﻿ Fixed beam vibrations
 513.160 Microelectronics and Micromechanics

## Fixed beam vibrations

For a beam that is fixed at both ends, the boundary conditions are,

$$$w = 0\hspace{0.5cm}\text{and}\hspace{0.5cm}\frac{\partial w}{\partial x}=0\hspace{0.5cm}\text{at}\hspace{0.5cm}x=0,$$$ $$$w = 0\hspace{0.5cm}\text{and}\hspace{0.5cm}\frac{\partial w}{\partial x}=0\hspace{0.5cm}\text{at}\hspace{0.5cm}x=L_x.$$$

In this case, the normal mode solutions to the Euler-Lagrange equation for an unloaded beam are,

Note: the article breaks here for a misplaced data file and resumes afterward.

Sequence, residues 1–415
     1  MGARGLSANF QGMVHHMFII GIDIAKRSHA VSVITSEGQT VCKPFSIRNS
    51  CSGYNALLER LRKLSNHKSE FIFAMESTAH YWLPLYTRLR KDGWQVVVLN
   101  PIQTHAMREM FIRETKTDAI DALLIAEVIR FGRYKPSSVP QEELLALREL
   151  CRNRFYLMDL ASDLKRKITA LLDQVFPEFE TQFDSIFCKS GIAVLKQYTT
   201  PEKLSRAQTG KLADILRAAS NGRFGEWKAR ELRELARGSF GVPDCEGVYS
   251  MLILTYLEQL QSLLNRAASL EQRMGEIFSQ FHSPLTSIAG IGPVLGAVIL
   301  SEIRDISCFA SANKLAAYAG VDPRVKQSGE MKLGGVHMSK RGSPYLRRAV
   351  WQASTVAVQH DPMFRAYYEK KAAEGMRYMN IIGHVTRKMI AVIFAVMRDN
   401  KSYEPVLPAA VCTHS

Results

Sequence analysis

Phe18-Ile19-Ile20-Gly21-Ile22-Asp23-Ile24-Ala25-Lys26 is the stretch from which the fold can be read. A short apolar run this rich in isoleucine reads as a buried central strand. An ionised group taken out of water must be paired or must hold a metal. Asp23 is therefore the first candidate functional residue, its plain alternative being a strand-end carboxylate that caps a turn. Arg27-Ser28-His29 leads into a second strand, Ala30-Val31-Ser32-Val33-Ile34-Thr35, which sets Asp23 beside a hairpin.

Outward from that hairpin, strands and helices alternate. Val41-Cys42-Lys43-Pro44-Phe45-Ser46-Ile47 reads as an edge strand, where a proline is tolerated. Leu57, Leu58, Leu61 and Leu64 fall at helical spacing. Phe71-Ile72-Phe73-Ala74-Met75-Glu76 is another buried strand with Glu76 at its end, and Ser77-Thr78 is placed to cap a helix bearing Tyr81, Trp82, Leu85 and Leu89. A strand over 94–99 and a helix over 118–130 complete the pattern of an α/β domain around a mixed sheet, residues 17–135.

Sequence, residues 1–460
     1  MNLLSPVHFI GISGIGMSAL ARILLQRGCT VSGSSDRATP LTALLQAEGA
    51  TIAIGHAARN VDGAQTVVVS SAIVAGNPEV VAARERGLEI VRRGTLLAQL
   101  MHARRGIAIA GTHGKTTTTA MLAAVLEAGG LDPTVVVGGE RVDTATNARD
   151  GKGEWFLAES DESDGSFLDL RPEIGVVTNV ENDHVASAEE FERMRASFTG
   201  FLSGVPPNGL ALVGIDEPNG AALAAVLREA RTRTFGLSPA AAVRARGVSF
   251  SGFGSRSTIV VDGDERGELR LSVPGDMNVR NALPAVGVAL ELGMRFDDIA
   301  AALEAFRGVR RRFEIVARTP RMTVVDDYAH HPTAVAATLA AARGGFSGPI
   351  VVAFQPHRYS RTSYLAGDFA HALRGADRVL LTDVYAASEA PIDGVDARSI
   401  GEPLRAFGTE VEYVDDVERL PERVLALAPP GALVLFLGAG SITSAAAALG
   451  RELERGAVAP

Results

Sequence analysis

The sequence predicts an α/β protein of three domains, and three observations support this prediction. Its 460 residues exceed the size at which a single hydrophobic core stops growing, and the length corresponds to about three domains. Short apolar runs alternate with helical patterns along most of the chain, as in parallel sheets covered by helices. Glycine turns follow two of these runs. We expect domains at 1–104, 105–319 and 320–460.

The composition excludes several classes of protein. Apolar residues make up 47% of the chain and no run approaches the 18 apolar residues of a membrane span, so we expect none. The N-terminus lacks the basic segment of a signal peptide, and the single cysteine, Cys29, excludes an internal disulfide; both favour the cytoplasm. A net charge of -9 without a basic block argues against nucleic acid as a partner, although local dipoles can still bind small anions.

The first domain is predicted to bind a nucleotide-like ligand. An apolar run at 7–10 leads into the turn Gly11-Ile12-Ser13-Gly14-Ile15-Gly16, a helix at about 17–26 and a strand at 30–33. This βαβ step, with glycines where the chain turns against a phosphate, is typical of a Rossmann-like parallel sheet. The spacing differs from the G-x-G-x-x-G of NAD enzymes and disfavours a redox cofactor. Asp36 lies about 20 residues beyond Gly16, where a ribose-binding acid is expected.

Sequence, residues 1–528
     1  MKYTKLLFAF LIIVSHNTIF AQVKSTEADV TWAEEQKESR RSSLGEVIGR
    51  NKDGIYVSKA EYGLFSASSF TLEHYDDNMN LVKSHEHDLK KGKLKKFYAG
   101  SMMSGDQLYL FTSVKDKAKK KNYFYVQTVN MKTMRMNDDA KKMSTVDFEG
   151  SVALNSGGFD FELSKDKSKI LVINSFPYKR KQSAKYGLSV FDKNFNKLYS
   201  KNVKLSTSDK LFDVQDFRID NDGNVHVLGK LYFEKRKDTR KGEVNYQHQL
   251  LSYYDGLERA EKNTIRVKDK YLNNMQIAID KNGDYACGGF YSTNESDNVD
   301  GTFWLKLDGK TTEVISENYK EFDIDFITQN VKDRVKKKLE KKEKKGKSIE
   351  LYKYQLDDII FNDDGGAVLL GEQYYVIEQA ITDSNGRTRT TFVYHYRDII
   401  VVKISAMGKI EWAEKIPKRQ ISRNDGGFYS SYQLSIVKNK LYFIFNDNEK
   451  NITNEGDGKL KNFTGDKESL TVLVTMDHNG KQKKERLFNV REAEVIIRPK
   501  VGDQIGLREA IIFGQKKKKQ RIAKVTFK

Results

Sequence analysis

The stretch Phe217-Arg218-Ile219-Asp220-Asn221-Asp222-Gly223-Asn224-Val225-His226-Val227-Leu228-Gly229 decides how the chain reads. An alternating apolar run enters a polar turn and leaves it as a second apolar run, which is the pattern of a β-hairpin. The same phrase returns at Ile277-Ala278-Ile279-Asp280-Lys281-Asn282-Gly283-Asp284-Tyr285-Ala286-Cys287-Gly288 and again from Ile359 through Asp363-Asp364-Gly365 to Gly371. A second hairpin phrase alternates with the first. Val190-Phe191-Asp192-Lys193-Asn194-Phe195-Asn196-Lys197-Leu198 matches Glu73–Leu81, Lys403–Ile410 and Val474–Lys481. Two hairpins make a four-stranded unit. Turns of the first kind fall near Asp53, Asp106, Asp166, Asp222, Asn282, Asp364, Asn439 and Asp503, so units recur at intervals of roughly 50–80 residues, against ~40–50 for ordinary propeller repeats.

$$$w_n(x,t) = A_n\left(\cosh (k_nx)-\cos (k_nx)+\frac{\left(\cosh (k_nL_x)-\cos (k_nL_x)\right)\left(\sin (k_nx)-\sinh (k_nx)\right)}{\sinh (k_nL_x)-\sin (k_nL_x)}\right)\hspace{1cm}n=1,2,3,\cdots$$$

where the allowed wavenumbers are determined by the condition, $\cosh(k_nL_x)\cos(k_nL_x) =1$. This nonlinear equation must be solved numerically. The first few solutions are $k_1L_x=4.730,\, k_2L_x = 7.853,\, k_3L_x = 10.996,\, k_4L_x = 14.137,\,\cdots$

The corresponding frequencies are given by the formula,

$$$\omega = \sqrt{\frac{EI}{\mu}}k^2.$$$

The figure below shows the form of the first four modes. These are small amplitude oscillations. Notice that the vertical scale is expanded compared to the horizontal scale.

 $w$ $x/L_x$

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